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And the mute Silence hist along, 55
65 On the dry smooth-shaven green,
56. I apprehend Philomel, or the nightingale, (here) to allude to the same prototype as that of the lark in l’Allegro, mentioned in the note on line 45 there, as being composed of Hudibras's hand. Vide that note.
59. Cynthia, or the moon, alludes I imagine' to the crescent-shape of the bird on Ralph's person (fig. 12) which is situate directly fronting the view of Il Penseroso.
65. Walk, as of the planetary wandering of
To behold the wand'ring moon,
the moon; unscen, as of that part of the moon. where Il Penseroso is situate, being obscured.
67. The moon here mentioned I conceive to allude to what was just now noticed as the explo. sion of light; in the center of which is a round spot of strong light which may be fancied to be the moon itself, and around it, numerous streaks and spaces of somewhat paler light, which may be the fleecy cloud of line 72.
74. The Curfew is referable to the shape of a Bell on the person of Talgol (fig. 17).
78. It is not difficult to conceive Il Penseroso
Where glowing embers through the room .
in a sitting posture with embers of a fire at his feet, formed out of the resemblance of a “smoking faggot” which is mentioned in Hudibras's Epistle to the Widow, as the device of his seal. The cricket (82) may be referable to the shadow which formed Shylock's shoe: and the bellman (83) tó the prototype of Polonius in Hamlet (fig. 56). with the bell (visible on Talgol's person) in his hand.
85. The Lamp is to be considered as formed out of the streaks of light on Talgol's person just
to: and the Bear (872 is the Bear of Hudibras, fig. 13. 27. Tragedy. This is no unfit occasion to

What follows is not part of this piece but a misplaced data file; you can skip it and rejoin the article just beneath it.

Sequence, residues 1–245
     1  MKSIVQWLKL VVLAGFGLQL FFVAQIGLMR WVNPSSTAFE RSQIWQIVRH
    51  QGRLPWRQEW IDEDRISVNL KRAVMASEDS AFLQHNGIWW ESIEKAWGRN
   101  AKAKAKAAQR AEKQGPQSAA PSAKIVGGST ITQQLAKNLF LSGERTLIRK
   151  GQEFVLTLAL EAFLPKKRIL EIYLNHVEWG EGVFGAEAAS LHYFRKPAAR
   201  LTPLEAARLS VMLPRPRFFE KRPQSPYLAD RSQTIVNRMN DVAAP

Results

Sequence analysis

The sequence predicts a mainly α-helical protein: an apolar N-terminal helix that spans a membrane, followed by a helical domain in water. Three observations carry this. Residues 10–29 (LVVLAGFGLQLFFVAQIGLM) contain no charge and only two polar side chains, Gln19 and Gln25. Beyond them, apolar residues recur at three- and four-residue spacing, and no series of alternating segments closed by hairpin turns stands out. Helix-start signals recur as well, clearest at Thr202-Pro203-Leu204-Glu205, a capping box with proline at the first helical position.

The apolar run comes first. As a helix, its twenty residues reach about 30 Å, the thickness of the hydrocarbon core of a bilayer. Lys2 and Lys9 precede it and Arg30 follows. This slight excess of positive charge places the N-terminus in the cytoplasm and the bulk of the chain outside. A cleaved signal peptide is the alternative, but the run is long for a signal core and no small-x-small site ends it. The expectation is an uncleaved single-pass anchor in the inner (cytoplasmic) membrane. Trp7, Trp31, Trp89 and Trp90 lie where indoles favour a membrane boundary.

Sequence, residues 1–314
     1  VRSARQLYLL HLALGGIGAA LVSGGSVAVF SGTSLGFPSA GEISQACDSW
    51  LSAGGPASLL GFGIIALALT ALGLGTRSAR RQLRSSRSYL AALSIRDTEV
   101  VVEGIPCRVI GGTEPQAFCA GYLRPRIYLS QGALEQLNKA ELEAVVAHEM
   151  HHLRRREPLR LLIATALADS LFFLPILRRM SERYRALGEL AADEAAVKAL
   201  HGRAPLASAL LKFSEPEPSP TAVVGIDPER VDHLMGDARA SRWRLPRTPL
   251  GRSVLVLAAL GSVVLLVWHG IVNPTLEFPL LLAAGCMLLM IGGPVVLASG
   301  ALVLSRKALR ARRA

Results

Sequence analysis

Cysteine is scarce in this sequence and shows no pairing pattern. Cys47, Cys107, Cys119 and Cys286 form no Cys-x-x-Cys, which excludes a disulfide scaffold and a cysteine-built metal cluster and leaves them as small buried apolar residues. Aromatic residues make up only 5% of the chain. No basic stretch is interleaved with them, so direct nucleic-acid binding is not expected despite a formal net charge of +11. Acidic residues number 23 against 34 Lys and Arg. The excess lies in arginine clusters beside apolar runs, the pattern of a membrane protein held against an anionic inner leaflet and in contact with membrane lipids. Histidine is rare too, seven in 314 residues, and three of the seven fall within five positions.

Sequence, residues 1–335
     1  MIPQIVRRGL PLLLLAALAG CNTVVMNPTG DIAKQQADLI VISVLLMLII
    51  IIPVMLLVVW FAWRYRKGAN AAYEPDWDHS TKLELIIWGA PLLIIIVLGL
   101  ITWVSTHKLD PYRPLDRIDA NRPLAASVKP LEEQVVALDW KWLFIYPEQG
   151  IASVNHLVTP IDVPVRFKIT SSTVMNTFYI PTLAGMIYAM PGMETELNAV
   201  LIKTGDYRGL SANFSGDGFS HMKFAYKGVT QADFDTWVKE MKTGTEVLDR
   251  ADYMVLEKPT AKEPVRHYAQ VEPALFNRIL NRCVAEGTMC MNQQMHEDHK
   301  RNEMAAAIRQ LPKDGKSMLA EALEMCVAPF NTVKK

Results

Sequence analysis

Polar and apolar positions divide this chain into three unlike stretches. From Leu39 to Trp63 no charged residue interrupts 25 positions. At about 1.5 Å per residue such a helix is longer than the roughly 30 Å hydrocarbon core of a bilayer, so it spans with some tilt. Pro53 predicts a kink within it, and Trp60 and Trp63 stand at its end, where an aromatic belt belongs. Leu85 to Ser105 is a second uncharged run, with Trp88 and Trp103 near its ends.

VOL. IV. : DD.
The spirit of Plato to unfold
offer a few short remarks on the ancient tragedy and comedy. The latter, as devoted to mirth and gaiety, seems to have had for a sort of presiding deity the prototype of Ralph or l’Allegro in the moon, and its name with relation to that prototype is derivable from Maidaw, to smile, (there being more of light on that side of the moon than on the other) and it has a further reference perhaps to the conical shape of the prototype; while the distinctive symbol of comedy, the sock, is clearly referable to the plain resemblance of a slipper or sock (namely, the shadow that formed the foot of @dipus and the shoe of Shylock) situate on that side of the moon. Tragedy, on the other hand, is ascribable in the same way to the prototype of Hudibras or Il Penseroso, whose figure is made up entirely of dark shadows, and who has a goat's head (TPayos, tragedy; vide fig. 103,) immediately behind his back; while the distinctive symbol of tragedy, the buskin, is made up, as I apprehend. of the whole of the shadows that constitute the person of Il Penseroso or Hudibras ; the leg or ankle-part being at the top of his head, and the shoe, extending from the goat's head as its heel, to the
The immortal mind that hath forsook
belly of Hudibras as its toe ; the cross-lacings of the buskin being formed of the streaks of light that cross Hudibras's breast. Under this view of those subjects, we may understand the contrast which Horace seems to raise between the largeness of the buskin when compared with the size of the sock, Hunc socci cepere pedem, grandesque cothurni.
Aro, Poet, 80.